We’re all familiar with period pain. But what about pain that occurs mid-cycle? If you’ve ever noticed a pain on one side of your lower abdomen, roughly two weeks before your period, you might be experiencing ovulation pain. We asked the experts what it is, and if it’s a cause for concern.
“Ovulation pain, sometimes known as mittelschmerz (German for ‘middle pain’) is a dull cramp or a sharp and sudden twinge that is felt around the time the ovary releases the egg during each cycle,” explains Dr Vanessa MacKay, a consultant gynaecologist and spokesperson for the Royal College of Obstetricians and Gynaecologists (RCOG).
What causes ovulation pain?
The exact cause of this pain is not known, MacKay adds, but it is believed that it is caused by the fluid that’s released when the egg breaks through the ovary wall. To understand how and why this happens, it’s helpful to know a bit more about how ovulation works – which, let’s face it, wasn’t exactly covered in much detail during GCSE biology.
Fortunately, Miss Sangeeta Agnihotri, a consultant in gynaecology, obstetrics and maternal medicine, and a spokesperson for charity Wellbeing of Women, is on hand to paint a picture.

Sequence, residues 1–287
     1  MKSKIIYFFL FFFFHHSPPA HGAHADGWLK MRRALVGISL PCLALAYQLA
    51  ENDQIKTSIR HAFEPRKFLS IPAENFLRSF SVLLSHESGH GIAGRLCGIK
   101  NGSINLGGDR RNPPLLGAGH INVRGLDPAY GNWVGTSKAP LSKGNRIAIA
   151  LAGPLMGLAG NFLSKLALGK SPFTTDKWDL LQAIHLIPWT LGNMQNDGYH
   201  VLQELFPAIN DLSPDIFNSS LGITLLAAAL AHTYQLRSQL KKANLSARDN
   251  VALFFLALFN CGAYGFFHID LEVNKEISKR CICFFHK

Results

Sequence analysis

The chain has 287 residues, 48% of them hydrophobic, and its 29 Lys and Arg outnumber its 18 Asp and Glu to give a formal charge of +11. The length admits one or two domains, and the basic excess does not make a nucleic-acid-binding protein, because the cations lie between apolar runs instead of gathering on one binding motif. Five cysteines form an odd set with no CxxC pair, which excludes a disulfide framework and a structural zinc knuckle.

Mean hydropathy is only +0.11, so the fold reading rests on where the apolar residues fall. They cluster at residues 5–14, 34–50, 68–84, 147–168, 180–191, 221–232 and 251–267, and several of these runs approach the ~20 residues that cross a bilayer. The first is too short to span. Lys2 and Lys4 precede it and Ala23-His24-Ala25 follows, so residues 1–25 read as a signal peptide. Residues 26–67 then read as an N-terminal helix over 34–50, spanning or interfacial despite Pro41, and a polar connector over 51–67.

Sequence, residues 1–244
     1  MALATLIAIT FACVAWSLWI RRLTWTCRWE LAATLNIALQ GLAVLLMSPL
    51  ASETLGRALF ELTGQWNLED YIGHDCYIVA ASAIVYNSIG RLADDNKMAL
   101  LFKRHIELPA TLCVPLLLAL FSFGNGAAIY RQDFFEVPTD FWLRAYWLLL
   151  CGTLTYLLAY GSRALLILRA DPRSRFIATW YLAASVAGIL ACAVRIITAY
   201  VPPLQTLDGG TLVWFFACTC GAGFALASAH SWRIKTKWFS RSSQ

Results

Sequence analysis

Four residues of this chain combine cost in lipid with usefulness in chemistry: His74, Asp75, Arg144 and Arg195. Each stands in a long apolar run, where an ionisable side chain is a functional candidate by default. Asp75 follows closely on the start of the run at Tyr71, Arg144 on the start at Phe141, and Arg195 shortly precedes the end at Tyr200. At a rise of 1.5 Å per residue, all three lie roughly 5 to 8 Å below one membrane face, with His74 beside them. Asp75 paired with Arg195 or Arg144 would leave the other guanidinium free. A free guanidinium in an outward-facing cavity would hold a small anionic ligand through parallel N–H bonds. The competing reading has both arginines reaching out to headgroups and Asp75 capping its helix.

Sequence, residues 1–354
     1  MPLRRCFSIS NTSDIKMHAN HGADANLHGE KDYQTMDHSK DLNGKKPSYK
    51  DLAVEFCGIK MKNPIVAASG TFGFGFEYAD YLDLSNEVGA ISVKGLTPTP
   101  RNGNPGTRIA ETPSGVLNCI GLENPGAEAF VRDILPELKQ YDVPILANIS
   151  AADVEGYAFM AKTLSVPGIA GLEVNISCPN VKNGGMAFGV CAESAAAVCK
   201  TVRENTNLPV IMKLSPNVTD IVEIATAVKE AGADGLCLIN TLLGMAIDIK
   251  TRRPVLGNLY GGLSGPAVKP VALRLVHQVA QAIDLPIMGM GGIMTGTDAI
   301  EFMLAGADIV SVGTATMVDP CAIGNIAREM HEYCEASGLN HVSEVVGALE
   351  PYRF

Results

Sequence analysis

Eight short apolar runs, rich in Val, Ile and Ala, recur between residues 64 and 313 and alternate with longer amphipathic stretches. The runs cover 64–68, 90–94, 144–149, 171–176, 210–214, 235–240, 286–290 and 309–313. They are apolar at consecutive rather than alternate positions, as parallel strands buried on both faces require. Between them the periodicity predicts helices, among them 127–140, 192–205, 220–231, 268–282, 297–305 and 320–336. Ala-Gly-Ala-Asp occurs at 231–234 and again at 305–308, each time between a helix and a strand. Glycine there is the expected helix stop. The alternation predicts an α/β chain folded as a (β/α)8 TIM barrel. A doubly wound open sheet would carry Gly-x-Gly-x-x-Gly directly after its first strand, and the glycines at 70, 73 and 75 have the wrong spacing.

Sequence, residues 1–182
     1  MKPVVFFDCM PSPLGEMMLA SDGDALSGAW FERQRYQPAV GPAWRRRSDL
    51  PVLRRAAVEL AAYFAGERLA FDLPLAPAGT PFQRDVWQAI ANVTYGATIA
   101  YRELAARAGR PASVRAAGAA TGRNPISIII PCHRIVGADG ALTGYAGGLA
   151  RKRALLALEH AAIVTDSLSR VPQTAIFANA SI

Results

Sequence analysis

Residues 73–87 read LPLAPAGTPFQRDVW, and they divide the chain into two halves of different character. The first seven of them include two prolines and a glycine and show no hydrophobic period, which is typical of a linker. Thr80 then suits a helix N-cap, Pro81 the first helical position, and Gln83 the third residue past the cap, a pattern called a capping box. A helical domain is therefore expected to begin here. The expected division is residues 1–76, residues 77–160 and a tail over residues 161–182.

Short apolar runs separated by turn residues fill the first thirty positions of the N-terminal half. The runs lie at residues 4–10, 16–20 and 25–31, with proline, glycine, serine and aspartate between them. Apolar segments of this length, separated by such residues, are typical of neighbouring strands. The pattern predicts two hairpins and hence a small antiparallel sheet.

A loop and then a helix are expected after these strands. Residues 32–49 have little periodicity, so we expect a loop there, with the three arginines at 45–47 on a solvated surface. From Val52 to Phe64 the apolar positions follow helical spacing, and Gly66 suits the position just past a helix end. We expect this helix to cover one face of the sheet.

Essentially, she explains, at the time of ovulation a mature egg is released from the ovary. Your eggs are stored in follicles, which Agnihotri describes as: “a cyst with fluid around the egg”. When that month’s chosen follicle bursts or ruptures at ovulation, she explains: “It projects the egg towards the Fallopian tube – so you can imagine it a bit like a game of netball.
“Not many people understand that it’s a dynamic situation in the body – not the rigid structure we see in diagrams. Things move,” she adds. Indeed, the fluid that is released during that ovarian netball pass stimulates receptors in the very sensitive peritoneum (the large membrane in the abdominal cavity that connects and supports internal organs), and can irritate the nerves. It’s this irritation that then causes pain.